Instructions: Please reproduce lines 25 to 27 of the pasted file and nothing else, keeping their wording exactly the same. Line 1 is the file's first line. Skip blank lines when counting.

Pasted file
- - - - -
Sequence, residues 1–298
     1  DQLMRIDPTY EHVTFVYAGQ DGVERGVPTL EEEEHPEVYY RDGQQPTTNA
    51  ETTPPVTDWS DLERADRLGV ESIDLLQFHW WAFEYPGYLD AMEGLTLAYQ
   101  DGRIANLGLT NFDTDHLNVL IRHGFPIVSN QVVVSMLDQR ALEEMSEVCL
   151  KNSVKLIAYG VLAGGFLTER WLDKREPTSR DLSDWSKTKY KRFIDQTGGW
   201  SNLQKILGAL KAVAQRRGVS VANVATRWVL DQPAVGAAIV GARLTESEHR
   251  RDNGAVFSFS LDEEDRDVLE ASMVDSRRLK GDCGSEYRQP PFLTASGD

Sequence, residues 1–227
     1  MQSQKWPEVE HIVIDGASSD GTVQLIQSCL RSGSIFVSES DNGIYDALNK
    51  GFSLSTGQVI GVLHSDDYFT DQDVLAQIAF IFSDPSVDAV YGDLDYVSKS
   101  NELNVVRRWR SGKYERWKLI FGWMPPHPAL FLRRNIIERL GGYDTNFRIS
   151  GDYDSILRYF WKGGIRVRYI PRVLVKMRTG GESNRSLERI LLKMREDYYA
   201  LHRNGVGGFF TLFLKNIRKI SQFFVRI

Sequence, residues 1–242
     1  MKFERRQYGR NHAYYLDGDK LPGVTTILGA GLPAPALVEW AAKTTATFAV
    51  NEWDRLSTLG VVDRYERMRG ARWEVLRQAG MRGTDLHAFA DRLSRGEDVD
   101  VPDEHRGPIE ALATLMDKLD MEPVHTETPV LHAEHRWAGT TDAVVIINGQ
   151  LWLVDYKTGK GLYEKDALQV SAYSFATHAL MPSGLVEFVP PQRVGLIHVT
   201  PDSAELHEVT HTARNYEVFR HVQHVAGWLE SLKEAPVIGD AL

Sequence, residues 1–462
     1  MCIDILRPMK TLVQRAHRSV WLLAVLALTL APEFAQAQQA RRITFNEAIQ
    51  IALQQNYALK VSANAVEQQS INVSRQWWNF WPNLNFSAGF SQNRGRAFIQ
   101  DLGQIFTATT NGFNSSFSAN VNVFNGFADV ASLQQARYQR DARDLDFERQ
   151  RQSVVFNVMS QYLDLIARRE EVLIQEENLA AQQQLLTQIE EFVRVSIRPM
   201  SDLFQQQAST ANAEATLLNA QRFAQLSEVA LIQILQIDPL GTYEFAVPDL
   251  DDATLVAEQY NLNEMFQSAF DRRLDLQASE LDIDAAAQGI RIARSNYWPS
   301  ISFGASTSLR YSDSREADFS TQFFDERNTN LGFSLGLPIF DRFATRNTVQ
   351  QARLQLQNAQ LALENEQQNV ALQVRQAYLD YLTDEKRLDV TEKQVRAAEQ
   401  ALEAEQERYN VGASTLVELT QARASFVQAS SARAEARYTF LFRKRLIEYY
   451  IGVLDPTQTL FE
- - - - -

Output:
   201  SDLFQQQAST ANAEATLLNA QRFAQLSEVA LIQILQIDPL GTYEFAVPDL
   251  DDATLVAEQY NLNEMFQSAF DRRLDLQASE LDIDAAAQGI RIARSNYWPS
   301  ISFGASTSLR YSDSREADFS TQFFDERNTN LGFSLGLPIF DRFATRNTVQ